To ease the pain of such a major reduction in take-home pay, the arbitrator awarded the police salary hikes, starting next year, of 3 percent in each of the next 3 years, totaling 9.3 percent once fully implemented. (Sergeants will get 7 percent raises.) The new contract’s near-term impact on the city’s general fund budget: a savings of $1.25 million in the current fiscal year and $2.24 million in 2014-2015, shifting to a net cost of $300,000 in 2016-2017 and $1.59 million in 2017-2018.

The arbitrator’s decision caps off a three-year effort by city manager John Shirey to require all city employees to contribute 100 percent of the employee’s share of their pensions. Until Shirey’s initiative, most nonpublic-safety city employees paid between 3 and 4 percent of their salaries to their pensions, while police, firefighters and city managers paid zip toward pensions. Shirey kicked off his campaign to require full contributions by setting a good personal example: He insisted that his own employment agreement require him to make a full 7 percent pension contribution. (Of course, that’s a little easier when you are making $258,000 per year.) Next, he required all nonrepresented city employees, including all city managers, to pony up. Then, as each city union contract expired, he insisted that each contract require workers to make full contributions.

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Balanced in Name Only … Small budget surplus is no cause to break out the champagne

Published on Sunday, 01 June 2014

Balanced in Name Only

Small budget surplus is no cause to break out the champagne

By Craig Powell

There is only a tiny handful of policy wonks who actually look forward to the release each year of the city manager’s proposed city budget for the fiscal year that starts on July 1. I’m one of them. City budget manager Leyne Milstein drove that point home in my interview of her last month, joking that I was one of only three people who have actually read the document that only a wonk could endure, much less enjoy.

But endure it I did and, knowing that most of you don’t spend your nights curled up with the city budget, I’m offering you the CliffsNotes version of it this month.

The good news is that after five years of battling chronic budget deficits, city manager John Shirey is proposing a $383 million general-fund budget that actually ekes out a small $2 million budget surplus. (The total city budget, which includes fee-collecting “enterprise funds” like city utilities, the convention center and marina, is actually $872 million, but most attention is paid to the city’s general-fund budget, which funds basic city services such as police, fire, parks, etc.) That means no cuts next year in services or city employees.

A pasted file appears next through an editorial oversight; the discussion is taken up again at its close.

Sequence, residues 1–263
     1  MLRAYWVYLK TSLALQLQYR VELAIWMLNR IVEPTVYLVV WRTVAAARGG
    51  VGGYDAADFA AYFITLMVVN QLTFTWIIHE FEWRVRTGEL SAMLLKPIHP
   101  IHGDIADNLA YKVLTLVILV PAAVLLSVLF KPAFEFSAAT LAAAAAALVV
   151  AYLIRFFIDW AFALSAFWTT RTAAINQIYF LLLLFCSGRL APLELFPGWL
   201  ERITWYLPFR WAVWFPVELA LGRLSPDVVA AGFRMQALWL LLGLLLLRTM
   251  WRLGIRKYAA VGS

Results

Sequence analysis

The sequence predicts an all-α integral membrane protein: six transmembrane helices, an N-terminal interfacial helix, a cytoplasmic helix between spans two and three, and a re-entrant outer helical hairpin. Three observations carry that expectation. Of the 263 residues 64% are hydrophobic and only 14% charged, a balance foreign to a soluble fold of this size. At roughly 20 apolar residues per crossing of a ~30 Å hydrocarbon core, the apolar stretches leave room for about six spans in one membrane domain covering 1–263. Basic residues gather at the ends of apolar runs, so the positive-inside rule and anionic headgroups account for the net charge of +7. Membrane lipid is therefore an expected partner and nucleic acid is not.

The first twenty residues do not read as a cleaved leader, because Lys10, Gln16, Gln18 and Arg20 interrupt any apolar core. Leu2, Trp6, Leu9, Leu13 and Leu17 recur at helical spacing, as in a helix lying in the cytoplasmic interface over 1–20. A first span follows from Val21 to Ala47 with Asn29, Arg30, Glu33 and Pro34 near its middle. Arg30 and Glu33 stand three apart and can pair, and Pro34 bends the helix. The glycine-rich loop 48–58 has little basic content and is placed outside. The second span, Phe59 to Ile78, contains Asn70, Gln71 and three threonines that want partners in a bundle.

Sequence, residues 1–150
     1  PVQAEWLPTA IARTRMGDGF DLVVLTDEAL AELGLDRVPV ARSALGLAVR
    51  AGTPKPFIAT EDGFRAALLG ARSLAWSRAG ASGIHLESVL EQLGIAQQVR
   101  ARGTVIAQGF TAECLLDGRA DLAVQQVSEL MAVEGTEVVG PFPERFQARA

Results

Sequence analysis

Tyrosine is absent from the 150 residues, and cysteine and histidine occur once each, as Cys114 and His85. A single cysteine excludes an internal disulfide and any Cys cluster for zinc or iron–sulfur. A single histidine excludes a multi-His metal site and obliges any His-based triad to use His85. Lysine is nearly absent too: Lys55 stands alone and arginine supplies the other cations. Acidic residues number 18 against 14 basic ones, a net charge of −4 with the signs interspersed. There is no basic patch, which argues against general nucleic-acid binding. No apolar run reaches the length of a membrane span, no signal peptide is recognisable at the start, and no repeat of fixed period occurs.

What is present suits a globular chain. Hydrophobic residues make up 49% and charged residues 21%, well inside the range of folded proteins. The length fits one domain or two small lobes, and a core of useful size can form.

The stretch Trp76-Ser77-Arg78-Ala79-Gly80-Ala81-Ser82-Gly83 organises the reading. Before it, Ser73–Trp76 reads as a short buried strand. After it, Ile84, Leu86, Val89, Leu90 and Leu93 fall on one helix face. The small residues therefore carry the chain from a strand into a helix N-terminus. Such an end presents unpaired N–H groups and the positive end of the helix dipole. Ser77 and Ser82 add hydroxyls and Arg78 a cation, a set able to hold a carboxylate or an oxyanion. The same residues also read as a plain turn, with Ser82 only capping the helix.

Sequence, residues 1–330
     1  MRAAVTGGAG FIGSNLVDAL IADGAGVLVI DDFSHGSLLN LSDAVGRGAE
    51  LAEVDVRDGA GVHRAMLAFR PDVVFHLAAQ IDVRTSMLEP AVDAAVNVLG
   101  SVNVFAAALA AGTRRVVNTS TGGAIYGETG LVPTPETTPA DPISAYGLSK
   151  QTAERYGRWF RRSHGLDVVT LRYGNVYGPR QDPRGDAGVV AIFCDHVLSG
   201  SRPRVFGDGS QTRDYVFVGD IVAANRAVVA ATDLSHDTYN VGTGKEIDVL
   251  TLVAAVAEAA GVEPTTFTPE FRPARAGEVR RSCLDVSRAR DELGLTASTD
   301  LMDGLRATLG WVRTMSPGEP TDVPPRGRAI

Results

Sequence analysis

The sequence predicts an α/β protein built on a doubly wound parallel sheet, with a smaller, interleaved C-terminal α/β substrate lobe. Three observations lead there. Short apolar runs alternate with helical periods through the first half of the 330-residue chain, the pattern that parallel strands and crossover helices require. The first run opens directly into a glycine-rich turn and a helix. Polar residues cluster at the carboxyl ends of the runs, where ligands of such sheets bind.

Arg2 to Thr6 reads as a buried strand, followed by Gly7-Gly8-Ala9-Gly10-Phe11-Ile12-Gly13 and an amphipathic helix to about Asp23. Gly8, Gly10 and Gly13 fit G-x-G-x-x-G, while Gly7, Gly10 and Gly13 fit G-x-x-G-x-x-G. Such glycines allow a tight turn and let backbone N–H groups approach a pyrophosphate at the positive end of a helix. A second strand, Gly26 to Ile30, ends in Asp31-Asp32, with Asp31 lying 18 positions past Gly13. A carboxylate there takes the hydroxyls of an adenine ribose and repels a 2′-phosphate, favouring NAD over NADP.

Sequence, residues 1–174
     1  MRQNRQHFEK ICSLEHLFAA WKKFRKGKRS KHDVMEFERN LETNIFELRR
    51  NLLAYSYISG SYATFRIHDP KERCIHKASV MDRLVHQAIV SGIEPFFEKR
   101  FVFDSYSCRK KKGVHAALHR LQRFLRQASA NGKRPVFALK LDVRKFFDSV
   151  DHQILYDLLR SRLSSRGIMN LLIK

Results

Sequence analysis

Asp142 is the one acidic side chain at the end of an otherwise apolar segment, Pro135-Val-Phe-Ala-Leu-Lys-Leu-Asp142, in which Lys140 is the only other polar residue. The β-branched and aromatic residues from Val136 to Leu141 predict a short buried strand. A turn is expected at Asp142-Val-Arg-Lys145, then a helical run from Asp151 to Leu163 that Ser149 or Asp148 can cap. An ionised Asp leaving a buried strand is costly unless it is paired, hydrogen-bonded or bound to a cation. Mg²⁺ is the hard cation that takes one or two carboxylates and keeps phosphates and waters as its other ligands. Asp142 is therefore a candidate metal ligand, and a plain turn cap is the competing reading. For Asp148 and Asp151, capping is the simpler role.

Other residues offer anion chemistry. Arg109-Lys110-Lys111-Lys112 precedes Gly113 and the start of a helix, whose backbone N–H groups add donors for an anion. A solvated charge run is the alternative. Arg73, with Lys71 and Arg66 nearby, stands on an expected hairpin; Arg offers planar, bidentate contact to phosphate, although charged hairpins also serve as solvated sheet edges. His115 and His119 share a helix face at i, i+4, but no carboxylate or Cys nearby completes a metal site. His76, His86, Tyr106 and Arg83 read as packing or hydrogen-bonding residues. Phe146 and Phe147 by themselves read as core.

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City of Sacramento Sales Tax Increase, Measure U (November 2012)

  • Citizen law suit filed against City of Sacramento 

    Petition for Writ of Mandate – City of Sacramento Measure U – Tax Increase

    … The writ sought by Petitioners will rectify an egregious and extraordinary confluence of actions and dereliction of duties by the City, its City Council and its Mayor which have combined, whether by design or mere neglect of officially assigned responsibilities, to effectively deprive Petitioners of their right and opportunity to place arguments against Measure U before Sacramento voters and, more critically, to deprive Sacramento voters of their fundamental right to see and consider the arguments of both proponents and opponents of Measure U instead of having available to them only the arguments of proponents of Measure U …

Petition for Writ of Mandate – City of Sacramento Measure U – Tax Increase

VERIFIED PETITION FOR WRIT OF MANDATE

Exhibit A – Argument Against Measure U

DECLARATION OF CRAIG K. POWELL IN SUPPORT OF VERIFIED PETITION FOR WRIT OF MANDATE

Exhibit Powell-1 Mayor to write argument against Sacramento sales tax hike

Exhibit Powell-2 Selection of Argument Authors …

Exhibit Powell-3 Mayor Johnson’s Ballot Argument Against Measure U

Exhibit Powell-4 Mayor Johnson fails to write argument against tax measure

DECLARATION OF DENNIS NEUFELD IN SUPPORT OF VERIFIED PETITION FOR WRIT OF MANDATE

Exhibit Neufeld-1 E-mail from Dennis Neufeld

Exhibit Neufeld-2 E-mail exchanges between Dennis Neufeld and Assistant City Clerk Stephanie Mizuno

Eye on Sacramento’s Final Report on Proposed Water and Sewer Rate Hikes

EYE ON SACRAMENTO’S FINAL REPORT – City of Sacramento Water and Sewer Rate Hikes and Infrastructure Repair Plan

 EXECUTIVE SUMMARY

Through years of neglect and under investment, the city’s water and sewer infrastructure is a mess.  The mess is a consequence of several factors: (1) the city council’s historic failure to focus on long-term needs and its “core” government mission; (2) the failures of the city council and city managers to adequately oversee the Department of Utilities (DOU); (3) broken promises by DOU management on how revenues from earlier rate hikes would be spent; and (4) unsound city policy that has allowed escalating labor costs to crowd out infrastructure spending.

Even if the problem is fixed with massive new investment in utilities infrastructure, how can the city ensure that it doesn’t backslide into such a mess again?  The DOU can avoid a repeat of the current mess by returning utility tax revenues back to the DOU to sustain ongoing infrastructure investment, by adopting smart DOU oversight reforms, by providing specialized oversight of infrastructure spending, by securing concessions from city unions to free up funds for infrastructure spending and by adopting a number of labor reforms.